Paterno statue removed from Penn State campus

By the CNN Wire Staff

(CNN) — The statue of the late Penn State football coach Joe Paterno has been removed from outside the campus’ stadium, CNN affiliate WTAJ said.

The 900-pound bronze statue is being stored in a “secure location,” according to a statement from Penn State President Rodney Erickson. The tribute to Paterno had become an object of contention after the child rape scandal involving former assistant coach Jerry Sandusky.

Paterno’s statue and legacy came under fire after the release of the Freeh Report, the scathing investigation led by former FBI Director Louis Freeh.

The report found several Penn State officials concealed evidence that Sandusky had sexually abused minors. Freeh concluded that Paterno could have prevented further sexual abuse had he taken action. Sandusky was convicted of 45 counts of child sexual abuse involving 10 victims.

“I now believe that, contrary to its original intention, coach Paterno’s statue has become a source of division and an obstacle to healing in our university and beyond,” Erickson said.

“I believe that, were it to remain, the statue will be a recurring wound to the multitude of individuals across the nation and beyond who have been the victims of child abuse,” he added.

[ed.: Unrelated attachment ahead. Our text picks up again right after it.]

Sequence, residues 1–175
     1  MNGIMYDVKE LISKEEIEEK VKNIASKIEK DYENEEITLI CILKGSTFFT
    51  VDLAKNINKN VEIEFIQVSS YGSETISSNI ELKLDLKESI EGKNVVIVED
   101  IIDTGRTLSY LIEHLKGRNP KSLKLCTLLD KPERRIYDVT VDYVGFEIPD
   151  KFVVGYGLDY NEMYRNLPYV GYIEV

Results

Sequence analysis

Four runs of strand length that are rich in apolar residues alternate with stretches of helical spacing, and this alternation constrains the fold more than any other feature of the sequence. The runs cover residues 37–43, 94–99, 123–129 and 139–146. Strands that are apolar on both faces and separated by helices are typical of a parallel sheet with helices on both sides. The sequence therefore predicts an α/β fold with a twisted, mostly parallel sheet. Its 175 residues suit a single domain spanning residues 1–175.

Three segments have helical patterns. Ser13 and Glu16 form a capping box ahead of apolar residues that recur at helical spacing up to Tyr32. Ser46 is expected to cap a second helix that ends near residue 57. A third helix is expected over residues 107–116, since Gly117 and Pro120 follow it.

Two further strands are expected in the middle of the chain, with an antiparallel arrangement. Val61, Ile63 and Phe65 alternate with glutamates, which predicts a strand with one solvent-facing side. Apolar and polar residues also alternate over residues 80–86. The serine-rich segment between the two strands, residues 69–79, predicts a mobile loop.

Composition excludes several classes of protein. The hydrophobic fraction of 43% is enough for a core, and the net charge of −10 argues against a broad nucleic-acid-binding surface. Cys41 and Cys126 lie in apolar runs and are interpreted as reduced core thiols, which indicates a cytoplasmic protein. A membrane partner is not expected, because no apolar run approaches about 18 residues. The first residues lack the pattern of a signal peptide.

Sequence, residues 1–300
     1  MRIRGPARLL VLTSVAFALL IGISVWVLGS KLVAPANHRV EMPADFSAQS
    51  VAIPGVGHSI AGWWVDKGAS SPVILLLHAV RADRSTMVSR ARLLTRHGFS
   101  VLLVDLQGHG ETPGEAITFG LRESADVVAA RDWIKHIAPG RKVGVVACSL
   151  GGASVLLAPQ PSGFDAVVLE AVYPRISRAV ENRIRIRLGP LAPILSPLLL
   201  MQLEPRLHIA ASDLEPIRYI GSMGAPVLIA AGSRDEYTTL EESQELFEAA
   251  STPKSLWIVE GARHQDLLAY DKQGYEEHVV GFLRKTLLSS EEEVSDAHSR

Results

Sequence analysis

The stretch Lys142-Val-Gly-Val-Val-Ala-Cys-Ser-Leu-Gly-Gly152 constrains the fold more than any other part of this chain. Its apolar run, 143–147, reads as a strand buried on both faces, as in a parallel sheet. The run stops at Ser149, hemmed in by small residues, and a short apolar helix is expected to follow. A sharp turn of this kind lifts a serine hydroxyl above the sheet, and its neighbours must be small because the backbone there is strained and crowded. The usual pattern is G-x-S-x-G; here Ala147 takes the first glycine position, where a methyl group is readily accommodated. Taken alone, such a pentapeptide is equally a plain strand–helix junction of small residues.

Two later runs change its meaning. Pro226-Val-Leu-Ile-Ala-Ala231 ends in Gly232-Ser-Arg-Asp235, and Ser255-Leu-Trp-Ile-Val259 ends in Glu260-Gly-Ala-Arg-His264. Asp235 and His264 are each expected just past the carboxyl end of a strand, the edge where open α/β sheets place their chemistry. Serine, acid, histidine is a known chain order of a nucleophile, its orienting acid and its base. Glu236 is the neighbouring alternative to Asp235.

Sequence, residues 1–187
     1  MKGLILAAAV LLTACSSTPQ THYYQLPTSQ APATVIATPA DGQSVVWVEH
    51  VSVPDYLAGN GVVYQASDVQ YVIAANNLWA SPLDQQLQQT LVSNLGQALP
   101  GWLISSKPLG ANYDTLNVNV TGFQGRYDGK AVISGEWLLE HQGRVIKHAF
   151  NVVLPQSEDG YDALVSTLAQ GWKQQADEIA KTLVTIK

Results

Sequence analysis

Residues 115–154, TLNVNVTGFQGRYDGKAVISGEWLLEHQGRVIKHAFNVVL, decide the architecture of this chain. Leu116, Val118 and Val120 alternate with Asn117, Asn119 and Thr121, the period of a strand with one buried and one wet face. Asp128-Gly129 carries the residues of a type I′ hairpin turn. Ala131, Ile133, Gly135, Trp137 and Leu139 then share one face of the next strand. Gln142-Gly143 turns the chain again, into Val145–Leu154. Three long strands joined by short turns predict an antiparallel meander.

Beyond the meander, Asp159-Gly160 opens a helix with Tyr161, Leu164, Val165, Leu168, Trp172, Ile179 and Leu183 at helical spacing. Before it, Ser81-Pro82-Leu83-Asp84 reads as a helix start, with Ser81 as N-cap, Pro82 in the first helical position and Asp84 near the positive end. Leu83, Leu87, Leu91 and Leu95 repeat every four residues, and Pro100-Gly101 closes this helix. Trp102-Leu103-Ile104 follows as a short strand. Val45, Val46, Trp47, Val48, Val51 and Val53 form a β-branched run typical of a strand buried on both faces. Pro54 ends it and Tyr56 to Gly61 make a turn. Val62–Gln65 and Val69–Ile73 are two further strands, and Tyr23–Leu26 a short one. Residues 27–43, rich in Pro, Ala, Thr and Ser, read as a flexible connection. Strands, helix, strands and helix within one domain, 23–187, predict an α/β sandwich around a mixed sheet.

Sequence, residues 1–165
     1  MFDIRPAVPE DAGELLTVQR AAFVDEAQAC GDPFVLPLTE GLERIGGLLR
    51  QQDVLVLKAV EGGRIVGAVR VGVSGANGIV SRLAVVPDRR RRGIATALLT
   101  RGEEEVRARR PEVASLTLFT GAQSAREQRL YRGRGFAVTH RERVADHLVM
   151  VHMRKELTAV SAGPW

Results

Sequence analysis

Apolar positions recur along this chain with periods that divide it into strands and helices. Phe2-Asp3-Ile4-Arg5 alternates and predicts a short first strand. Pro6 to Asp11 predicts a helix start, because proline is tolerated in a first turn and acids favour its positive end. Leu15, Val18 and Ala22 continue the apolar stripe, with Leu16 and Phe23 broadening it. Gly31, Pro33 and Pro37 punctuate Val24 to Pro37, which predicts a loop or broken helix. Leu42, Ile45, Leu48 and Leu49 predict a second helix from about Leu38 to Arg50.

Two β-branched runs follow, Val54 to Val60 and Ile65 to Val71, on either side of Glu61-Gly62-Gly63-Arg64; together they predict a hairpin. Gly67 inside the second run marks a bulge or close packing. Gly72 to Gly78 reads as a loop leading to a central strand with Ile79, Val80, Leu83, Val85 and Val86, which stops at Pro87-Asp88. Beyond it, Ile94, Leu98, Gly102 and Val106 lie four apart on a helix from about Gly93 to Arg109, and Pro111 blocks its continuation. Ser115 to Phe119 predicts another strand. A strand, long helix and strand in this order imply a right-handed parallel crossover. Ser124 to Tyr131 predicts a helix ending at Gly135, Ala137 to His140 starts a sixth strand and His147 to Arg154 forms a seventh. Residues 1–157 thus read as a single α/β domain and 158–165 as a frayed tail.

On Sunday, Penn State employees began placing fencing around the statue, as well as a tarp. Local and university police were at the scene, and some students have gathered near the football field, Beaver Stadium.

Another tribute to Paterno — the university library that bears his name — will remain as it is, Erickson said.

“The library remains a tribute to Joe and Sue Paterno’s commitment to Penn State’s student body and academic success, and it highlights the positive impacts coach Paterno had on the university,” he wrote.

The Survivors Network of those Abused by Priests (SNAP) called Paterno “a powerful man who acted selfishly” who “deserves no public honors whatsoever.”

“We’re glad the statue is gone but that’s just a tiny step forward,” SNAP spokesman David Clohessy said in a statement. “We as a society must learn that a good way to deter child sex cover-ups is to punish, not praise, those who instigate such cover-ups.”

The NCAA, which oversees college sports, announced on its Twitter feed that it plans to hold a press conference regarding Penn State at 9 a.m. Monday.

CNN’s Susan Candiotti and Ross Levitt contributed to this report.

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